Subject Re: [firebird-support] IN operator performance
Author Alexandre Benson Smith
Hi !

Em 22/12/09 20:14, marco bianchini escreveu:
> hi, im so interested about IN clause too,
> id like to ask also why:
> A) .. where afield in (select bfield from [some millions row])

select * from TableA where Field1 in (select Field2 from TableB)

is internally transformed to

select * from TableA where Field1 exists (select * from TableB where
TableB.Field2 = TableA.Field1)

so, if TableA is big it will be slow, because it needs to touch every
record of TableA.

if TableA is not big and TableB.Field2 is indexed, it should have a good

The first impression (at least from my point of view) is that the above
query would be splited into 2, something like:

Select Field2 from TableB (store it on a "cache")

select * from TableA were Field1 in (list generated by the the previous
query), but it's NOT the sub-query is executed one time for each record
on TableB.

FB 1.X (IIRC) would use an index for such query, but FB 2.X will NOT use
the index, because of some null handling condition, FB 1.5 is faster for
such query, but could give wrong results in some cases, FB 2.X is
slower, but will always give a correct result.

My sugestion is to use EXISTS instead of IN for such queries, I think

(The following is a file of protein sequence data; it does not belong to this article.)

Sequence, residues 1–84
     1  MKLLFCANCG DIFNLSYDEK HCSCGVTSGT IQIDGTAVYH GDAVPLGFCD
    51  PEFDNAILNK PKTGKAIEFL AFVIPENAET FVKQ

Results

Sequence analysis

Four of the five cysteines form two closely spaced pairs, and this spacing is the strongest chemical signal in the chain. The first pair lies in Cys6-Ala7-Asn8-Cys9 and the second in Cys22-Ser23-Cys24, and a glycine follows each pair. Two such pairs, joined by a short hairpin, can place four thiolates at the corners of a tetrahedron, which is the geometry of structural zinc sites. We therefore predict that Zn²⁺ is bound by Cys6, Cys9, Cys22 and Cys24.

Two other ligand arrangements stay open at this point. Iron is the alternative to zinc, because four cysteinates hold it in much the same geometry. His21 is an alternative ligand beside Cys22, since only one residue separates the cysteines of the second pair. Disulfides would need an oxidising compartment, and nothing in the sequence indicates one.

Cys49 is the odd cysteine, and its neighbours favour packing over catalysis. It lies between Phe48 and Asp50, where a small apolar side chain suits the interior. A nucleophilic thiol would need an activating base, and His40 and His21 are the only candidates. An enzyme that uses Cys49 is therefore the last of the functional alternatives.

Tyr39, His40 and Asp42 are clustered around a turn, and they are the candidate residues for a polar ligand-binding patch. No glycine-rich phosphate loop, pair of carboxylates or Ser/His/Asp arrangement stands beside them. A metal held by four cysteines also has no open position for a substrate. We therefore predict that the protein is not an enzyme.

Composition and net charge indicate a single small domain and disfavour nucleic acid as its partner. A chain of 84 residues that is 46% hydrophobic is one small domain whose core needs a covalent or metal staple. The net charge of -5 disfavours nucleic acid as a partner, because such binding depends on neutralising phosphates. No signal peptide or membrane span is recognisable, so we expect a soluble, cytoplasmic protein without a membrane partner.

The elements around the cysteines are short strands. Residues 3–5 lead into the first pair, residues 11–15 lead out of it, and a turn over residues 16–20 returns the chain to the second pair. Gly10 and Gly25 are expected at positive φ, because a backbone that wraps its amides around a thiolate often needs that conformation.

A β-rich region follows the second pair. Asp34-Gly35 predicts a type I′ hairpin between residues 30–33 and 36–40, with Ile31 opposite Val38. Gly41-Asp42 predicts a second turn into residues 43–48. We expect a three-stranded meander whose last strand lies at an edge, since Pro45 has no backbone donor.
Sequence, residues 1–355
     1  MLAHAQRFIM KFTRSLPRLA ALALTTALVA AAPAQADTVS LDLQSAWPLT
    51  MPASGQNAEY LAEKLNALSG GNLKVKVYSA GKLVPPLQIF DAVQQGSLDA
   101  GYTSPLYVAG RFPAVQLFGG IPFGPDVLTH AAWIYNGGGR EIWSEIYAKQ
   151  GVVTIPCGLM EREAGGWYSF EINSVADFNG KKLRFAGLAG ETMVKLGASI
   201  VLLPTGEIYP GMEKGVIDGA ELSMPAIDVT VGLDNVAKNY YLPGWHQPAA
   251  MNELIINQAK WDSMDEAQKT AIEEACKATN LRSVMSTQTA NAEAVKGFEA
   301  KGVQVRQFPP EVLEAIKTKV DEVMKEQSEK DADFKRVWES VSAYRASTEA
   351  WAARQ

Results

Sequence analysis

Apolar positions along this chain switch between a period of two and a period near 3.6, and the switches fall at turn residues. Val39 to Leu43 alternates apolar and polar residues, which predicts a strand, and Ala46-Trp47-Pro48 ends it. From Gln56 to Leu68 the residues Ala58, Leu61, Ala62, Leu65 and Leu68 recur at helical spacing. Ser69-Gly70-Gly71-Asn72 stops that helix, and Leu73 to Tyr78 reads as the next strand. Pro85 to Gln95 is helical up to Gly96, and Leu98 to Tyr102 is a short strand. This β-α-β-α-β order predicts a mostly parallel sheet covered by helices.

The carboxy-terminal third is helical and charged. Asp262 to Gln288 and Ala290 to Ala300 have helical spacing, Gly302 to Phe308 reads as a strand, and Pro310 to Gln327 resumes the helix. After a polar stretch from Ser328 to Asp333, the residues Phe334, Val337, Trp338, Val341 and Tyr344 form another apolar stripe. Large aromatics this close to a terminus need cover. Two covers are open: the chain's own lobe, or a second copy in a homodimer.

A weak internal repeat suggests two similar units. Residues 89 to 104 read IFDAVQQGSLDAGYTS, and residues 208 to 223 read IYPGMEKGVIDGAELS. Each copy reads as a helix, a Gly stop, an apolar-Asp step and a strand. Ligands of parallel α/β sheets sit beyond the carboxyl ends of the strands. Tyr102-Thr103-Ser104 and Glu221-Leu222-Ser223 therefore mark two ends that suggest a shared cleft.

you will have much better performance.

> B) .. where afield in (select distinct bfield .... (some houndreds row in
> resultset, same table of A)

Same as above, perhaps a bit slower because of the DISTINCT (sort on the
internal table)

> C) .. where afield in (select<distinct> bfield ....
> A and B/C differs only by primary key/index on bField, aField is always
> indexed, not primary key
> and really looks (at my eyes) so slow.

Read above and check-out the plan to see what plan/indices was used.

> i really dont know how to improve it, dont tell me to redesign DB as fb
> support did with others before, i know (or i think to know) how to design
> DB, and i ckecked it so much before posting here: its ok.. and MS-SQL2005,
> with same tables, same data.. is really faster on that query. (ONLY on
> that...)


The optimizer experts could give some more hints, point corrections to
my answer and perhaps explain better why FB can't perform as well as
other databases in such condition, I remember to read a message from
Dmitry Yemanov that he has some ideas on how to improve it, but it was
not for that moment.

see you !

Alexandre Benson Smith
THOR Software e Comercial Ltda
Santo Andre - Sao Paulo - Brazil